../../_images/acm-business-data.png

To store this kind of data Axon.ivy provides a simple repository that is called Business Data. This stored data can then be accessed by multiple processes instances during the lifetime of a long living complex process. The repository provides access to the data with simple store and load functions similar to well known other repositories such as the EntityManager from JPA. But in comparison to JPA and similar technologies this repository can be used without any database or environment configuration.

CreditRequest creditRequest = ivy.repo.get(CreditRequest.class); // load a CreditRequest from the Business Data Repo
creditRequest.amount = 30000; // modify a field
ivy.repo.save(creditRequest); // save the modified CreditRequest back to the Repo.

By annotating a data class with the @BusinessCaseData annotation, all values of the annotated data class are automatically associated with the context of the current Business Case. The data is then shared and accessible from all processes belonging to the Business Case. Multiple data classes of different types can be used inside a Business Case.

Business Data analytics

Running business processes typically generate highly valuable data, that could influence critical business decisions. Based on the stored data you will typically want to visualize KPIs on a management dashboard. In our credit sample, you may want to visualize the aggregated sum of all open credits. The data in the Business Data repository is stored in form that is easily accessible and explorable with a tool like Kibana.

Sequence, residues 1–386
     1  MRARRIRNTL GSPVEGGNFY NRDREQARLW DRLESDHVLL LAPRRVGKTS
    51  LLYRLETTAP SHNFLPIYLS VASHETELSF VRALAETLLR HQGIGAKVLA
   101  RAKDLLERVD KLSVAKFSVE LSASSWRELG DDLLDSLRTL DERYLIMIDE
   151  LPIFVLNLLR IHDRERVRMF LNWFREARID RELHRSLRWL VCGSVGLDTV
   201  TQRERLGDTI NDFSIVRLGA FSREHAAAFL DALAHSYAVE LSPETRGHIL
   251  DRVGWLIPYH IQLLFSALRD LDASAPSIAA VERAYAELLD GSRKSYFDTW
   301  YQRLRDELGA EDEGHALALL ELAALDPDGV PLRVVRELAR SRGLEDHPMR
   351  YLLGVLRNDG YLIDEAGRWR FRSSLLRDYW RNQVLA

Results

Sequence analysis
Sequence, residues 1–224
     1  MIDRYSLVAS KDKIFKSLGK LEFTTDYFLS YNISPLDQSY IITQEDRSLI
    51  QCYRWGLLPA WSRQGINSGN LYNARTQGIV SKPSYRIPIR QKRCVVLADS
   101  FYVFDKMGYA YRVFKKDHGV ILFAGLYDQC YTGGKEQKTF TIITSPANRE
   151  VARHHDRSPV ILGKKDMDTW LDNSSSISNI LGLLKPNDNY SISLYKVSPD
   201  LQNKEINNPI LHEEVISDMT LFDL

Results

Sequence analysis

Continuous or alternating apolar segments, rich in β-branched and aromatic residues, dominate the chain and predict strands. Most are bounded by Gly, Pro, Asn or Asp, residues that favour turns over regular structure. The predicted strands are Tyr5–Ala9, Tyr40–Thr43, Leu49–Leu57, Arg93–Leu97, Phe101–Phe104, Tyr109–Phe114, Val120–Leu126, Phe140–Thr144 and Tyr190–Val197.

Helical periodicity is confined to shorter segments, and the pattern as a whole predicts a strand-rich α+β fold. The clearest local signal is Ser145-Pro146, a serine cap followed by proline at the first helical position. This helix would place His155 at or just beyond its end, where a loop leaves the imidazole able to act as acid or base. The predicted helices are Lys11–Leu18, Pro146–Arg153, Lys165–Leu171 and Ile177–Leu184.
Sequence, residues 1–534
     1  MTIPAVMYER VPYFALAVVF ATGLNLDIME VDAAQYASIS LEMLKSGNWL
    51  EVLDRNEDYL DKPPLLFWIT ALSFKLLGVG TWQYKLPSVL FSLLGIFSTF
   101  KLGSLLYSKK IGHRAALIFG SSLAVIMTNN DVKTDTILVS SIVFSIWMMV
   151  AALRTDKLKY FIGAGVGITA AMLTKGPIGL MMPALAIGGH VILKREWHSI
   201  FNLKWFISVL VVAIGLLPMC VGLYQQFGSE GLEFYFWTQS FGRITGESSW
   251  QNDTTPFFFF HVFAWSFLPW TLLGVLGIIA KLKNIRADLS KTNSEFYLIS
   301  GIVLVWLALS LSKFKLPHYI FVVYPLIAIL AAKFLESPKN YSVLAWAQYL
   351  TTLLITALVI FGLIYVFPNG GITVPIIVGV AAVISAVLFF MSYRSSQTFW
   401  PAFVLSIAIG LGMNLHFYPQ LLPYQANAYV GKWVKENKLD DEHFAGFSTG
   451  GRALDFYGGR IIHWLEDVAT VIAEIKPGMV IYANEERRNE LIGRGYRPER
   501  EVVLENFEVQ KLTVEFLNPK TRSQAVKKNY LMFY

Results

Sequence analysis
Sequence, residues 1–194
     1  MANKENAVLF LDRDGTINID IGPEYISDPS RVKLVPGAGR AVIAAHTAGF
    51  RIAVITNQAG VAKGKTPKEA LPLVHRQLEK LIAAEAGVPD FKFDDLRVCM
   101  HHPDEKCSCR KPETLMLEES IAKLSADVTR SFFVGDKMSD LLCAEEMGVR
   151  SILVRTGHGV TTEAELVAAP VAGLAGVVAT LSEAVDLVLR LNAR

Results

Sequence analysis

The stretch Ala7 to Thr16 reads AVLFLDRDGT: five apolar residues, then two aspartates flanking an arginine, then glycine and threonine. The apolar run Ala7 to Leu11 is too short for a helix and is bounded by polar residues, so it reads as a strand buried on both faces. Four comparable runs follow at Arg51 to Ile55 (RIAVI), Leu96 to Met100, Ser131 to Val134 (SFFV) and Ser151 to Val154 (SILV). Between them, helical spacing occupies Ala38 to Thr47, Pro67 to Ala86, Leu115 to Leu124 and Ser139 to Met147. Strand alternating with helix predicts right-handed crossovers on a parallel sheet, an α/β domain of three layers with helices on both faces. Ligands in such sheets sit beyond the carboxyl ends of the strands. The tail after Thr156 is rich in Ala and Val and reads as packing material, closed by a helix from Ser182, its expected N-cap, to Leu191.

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Regaining the big picture

Real world BPM projects have shown that big processes tend to get increasingly complex and need to be split up into huge process landscapes, which leads to an intransparent main process flow. Users of the process often do not see how their work contributes to the bigger business process and therefore great opportunities for improvements are not taken. There is also a big need for a unique view of adaptive case operations that can be used by process contributors. Like an overview of optional tasks that a clerk can start at any time.

The Case Map addresses the needs for flexible and agile Business Cases by providing a clear and simple view on the main process and its execution. With the Case Map you can easily orchestrate the main flow of processes and the business can identify and track the stages where a running process instance is.

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A Case Map is divided into stages (in the sample above the stages are: Identification, Credit rating and Approval). Each stage defines a certain phase in the life cycle of a business process. A stage consists of processes (e.g. “Collect personal data”). The default flow or also known as happy path is from left to right and from top to bottom. If the last process of a stage has finished the flow continues on the stage to the right of the current stage. Stages typically have a name and icon. The idea is to reuse this icons in Workflow UIs and processes to give the end user a hint in which stage the current Business Case is.